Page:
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Thursday, July 30, 2015

Pagan Festival Shout Out: Lammas/Lithasblot

 August 1 is Lammas Day , the festival of the wheat harvest, and is the first harvest festival of the year. I start my celebration on July 31st, which is also the Nordic festival Lithasblot. Lithasblot The harvest festival; giving thanks to Urda (Ertha) for her bounty. Often alms are given to the unfortunate at this time, or loaves in the shape of the fylfot (the Sun-wheel, which fell into regrettable disrepute during the dark times of the second World War when the symbol was perverted as a symbol of chaos and darkness).

(Frey Fest/Lughnasa/Lugnasad/Lammas) is an Irish Gaelic name for the feast which commemorates the funeral games of Lugh, Celtic god of light, and son of the Sun.  In the mythological story of the Wheel of the Year, the Sun God transfers his power into the grain, and is sacrificed when the grain is harvested. Lammas is a festival celebrating the first fruits of harvest, the fruits of our labours, and seeing the desires that we had at the start of the year unfold so rituals will be centred around this.  Lammas is an early Christian festival, "lammas" means loaf mass and represented the first loaves baked from that years crop. These were taken to church and laid on the altar.
It's a time for bread-making and corn-dollies. Goddesses celebrated around this time include Demeter and Ceres. Trees associated with Lammas are Hazel and Gorse and herbs are Sage and Meadowsweet. Colors associated with Lammas are golds, yellows and orange for the God and red for the Goddess as mother.

Lithasblot has long been associated with ceremonial magic and magical workings. Urda is one of the Norns in Norse mythology. Along with Verðandi (possibly "happening" or "present") and Skuld (possibly "debt" or "future"), Urðr makes up a trio of Norns that are described as deciding the fates of people. Urðr is attested in stanza 20 of the Poetic Edda poem Völuspá and theProse Edda book Gylfaginning. Urðr is together with the Norns located at the well Urðarbrunnr beneath the world ash tree Yggdrasil of Asgard. They spin threads of life, cut marks in the pole figures and measure people's destinies, which shows the fate of all human beings and gods. Norns are always present when a child is born and decide its fate. The three Norns represent the past (Urðr), future (Skuld) and present (Verðandi). Urðr is commonly written as Urd or Urth. In some English translations, her name is glossed with the Old English form of urðr; Wyrd.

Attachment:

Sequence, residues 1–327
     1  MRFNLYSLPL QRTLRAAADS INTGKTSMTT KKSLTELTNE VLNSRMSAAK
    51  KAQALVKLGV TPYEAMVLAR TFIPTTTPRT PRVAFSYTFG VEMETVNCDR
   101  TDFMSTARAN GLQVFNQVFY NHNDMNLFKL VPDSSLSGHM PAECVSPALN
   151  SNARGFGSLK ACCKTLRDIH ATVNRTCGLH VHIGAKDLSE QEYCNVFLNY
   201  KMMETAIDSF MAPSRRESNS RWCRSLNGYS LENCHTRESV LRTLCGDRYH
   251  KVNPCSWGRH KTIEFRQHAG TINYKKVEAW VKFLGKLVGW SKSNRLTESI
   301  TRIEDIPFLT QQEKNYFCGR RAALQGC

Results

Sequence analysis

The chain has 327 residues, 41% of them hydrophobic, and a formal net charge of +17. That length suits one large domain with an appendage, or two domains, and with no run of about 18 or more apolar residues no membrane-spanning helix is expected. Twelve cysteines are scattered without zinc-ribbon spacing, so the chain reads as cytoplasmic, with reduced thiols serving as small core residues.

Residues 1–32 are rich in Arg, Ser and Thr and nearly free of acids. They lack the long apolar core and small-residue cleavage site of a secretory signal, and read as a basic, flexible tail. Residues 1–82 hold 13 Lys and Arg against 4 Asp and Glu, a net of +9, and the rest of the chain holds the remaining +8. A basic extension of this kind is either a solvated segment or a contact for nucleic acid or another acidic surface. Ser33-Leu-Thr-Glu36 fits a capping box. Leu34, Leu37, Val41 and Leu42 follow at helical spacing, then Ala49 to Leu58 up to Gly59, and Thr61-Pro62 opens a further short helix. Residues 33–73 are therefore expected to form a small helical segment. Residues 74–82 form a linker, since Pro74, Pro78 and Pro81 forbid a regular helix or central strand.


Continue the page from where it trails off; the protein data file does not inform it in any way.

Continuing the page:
Incidentally the holidays fall on a rare Blue Moon which doesn't happen again until 2018. A “blue moon” has nothing to do with the lunar orb’s color but commonly refers to the second of two full moons that occur in a single calendar month. According to the “Morris Dictionary of Word and Phrase Origins,” the first recorded English usage of “blue moon” dates to 1528. Maine Farmers’ Almanac defined a “blue moon” as the third full moon in a season with four full moons instead of the typical three. The third, and not the fourth, full moon was considered to be the extra one in order to keep named moons, such as the harvest moon, linked to proper times of the year.
There is no real significance documented in paganism historically that would suggest the blue moon is mystically endowed with more power, but I choose to see it as pretty significant. It is a rare event. And since it is taking place during the first harvest festival I find that pretty special. So I think that the magic of the moon will have a little extra "umpf" in it this weekend. I plan to celebrate starting tomorrow with making a few crafts, a feast based on my go-to country garden foods. Wheat Bread, Butter beans, potatoes and onions, collard greens, and ham. I will have enough for both Lithasblot and Lammas. I will decorate my altar and light the candles. Do a little cleansing and send out good vibes as I meditate. Plus I will write down a prayer, some wishes to be sent out to the universe and declaration of devotion and thanks to gods and goddesses. I usually wrap the message with incense and dried flowers and tie it with hemp twine. I place it deep within the bonfire and focus on what I have written down as the fire burns and smoke washes over me! It has become my personal tradition. Anyway I hope all have a blessed festival weekend!



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